"Not only has the sky not fallen, the forecast is as bright as ever" for economic growth from legal pot, said Mason Tvert, spokesman for the Marijuana Policy Project.
Pollsters conducted the telephone survey April 15-21 with 1,298 registered voters. The poll has a margin of error of plus or minus 2.7 points.
Coloradans did not seem to think legal pot has made driving more dangerous. Asked whether legalization has made driving less safe, 54 percent said no and 39 percent said yes.
Residents were more divided on legal pot's effect on the criminal justice system. Fifty percent said legalization will have a positive impact on it, 40 percent said it will have a negative impact, the rest were unsure. Just 21 percent said they thought marijuana legalization would reduce racially biased arrests.
Coloradans might be OK with marijuana, but they're not clamoring to see politicians using it frequently.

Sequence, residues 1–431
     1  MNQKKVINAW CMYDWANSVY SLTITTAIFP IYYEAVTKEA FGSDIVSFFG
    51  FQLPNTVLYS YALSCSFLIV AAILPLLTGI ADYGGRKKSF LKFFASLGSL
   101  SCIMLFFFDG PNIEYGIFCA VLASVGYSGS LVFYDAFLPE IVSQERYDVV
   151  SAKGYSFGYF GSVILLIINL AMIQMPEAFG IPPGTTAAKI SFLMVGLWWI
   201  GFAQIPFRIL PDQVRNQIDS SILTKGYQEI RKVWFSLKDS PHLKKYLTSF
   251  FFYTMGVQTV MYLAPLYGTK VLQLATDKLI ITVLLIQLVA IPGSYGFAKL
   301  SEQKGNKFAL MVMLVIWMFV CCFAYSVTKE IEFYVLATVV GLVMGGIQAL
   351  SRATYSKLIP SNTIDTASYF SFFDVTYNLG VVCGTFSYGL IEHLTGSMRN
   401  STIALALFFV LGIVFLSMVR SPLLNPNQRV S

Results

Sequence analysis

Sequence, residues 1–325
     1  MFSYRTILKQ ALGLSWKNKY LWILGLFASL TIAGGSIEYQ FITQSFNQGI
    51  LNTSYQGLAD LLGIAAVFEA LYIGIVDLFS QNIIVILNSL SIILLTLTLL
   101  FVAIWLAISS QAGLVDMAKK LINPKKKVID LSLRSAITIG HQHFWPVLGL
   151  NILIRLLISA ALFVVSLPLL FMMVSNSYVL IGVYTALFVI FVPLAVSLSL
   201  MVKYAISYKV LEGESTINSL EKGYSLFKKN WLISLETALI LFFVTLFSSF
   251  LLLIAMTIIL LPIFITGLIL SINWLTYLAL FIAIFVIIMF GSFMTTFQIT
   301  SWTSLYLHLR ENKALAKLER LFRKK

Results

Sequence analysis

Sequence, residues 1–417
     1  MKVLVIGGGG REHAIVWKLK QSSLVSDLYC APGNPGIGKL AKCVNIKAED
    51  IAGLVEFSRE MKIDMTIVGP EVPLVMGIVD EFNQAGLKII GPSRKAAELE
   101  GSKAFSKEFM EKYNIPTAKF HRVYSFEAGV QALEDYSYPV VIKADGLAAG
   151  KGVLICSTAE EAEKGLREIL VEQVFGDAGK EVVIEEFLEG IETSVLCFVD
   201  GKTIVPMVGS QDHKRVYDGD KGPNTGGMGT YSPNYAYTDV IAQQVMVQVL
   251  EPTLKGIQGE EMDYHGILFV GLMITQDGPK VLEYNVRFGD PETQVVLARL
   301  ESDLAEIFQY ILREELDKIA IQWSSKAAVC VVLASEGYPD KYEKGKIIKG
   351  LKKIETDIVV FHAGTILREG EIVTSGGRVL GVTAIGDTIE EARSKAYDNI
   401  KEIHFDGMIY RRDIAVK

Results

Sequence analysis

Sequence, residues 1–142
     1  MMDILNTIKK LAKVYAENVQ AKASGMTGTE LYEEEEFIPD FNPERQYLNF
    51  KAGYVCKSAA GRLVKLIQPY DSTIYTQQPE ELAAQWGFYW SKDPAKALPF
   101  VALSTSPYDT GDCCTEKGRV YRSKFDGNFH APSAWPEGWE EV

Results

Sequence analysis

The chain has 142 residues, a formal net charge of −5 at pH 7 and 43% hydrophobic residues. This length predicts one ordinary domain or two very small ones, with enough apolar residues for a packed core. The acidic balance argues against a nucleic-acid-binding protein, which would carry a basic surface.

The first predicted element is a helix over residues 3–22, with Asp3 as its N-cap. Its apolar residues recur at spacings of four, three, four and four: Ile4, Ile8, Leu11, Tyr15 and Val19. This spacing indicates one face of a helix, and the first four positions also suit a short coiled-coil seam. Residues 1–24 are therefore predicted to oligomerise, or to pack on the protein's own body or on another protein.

Asked whether they'd be more or less likely to vote for a candidate for elected office who smokes marijuana two or three days a week, just 3 percent said more likely. Fifty-two percent said they'd be less likely to vote for the candidate, with the rest saying it would make no difference or they were unsure.
Gina Carbone, of Smart Colorado, a critic of the current marijuana industry, said she's been hearing an outpouring of concern about Colorado's marijuana landscape, especially after the April 20 celebrations that put mass public toking on the national news.
"There's been tremendous backlash" at the sight of public smoking, Carbone said. And recent news of deaths that may be connected to marijuana consumption has heightened worries.
"We are hearing nothing but people complaining and emailing out of concern for what is going on," she said.
The poll also asked about same-sex marriage and found Coloradans support it nearly 2-to-1. Sixty-one percent supported same-sex marriage in Colorado, while 33 percent opposed it, and 7 percent were unsure.